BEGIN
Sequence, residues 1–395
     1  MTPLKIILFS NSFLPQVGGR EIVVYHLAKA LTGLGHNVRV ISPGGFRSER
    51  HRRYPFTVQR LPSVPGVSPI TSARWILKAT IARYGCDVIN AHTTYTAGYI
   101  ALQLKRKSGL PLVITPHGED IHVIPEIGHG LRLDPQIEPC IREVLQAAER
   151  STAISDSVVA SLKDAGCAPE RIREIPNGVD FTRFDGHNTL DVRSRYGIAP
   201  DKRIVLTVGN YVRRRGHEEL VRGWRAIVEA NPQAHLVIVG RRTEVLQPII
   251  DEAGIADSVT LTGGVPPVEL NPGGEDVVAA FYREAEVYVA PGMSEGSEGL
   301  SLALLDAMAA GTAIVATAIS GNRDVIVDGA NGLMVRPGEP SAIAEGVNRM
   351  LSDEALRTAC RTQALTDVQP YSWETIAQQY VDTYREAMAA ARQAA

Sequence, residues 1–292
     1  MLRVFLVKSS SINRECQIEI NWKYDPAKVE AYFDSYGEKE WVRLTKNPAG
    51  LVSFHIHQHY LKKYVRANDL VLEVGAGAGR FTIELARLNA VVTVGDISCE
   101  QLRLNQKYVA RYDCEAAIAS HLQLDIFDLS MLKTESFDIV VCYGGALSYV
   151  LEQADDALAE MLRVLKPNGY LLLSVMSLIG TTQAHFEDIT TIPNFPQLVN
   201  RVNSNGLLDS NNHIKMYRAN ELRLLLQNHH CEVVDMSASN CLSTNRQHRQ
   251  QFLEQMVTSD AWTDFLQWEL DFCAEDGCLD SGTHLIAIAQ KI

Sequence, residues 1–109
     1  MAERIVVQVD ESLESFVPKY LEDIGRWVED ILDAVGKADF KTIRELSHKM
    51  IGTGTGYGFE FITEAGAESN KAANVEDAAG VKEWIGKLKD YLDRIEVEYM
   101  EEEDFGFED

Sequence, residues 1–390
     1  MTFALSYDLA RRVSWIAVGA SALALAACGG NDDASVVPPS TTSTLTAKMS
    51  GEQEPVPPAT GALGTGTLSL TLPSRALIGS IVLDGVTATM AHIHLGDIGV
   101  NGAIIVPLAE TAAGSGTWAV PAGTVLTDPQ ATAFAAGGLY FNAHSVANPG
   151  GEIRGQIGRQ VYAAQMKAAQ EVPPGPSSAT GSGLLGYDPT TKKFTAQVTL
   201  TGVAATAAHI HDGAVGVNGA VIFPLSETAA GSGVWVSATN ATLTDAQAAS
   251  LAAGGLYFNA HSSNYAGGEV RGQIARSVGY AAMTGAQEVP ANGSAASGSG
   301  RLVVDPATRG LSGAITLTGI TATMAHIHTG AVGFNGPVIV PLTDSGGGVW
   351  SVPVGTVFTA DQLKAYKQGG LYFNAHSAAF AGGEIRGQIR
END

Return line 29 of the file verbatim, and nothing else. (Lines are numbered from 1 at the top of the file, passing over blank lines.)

   351  SVPVGTVFTA DQLKAYKQGG LYFNAHSAAF AGGEIRGQIR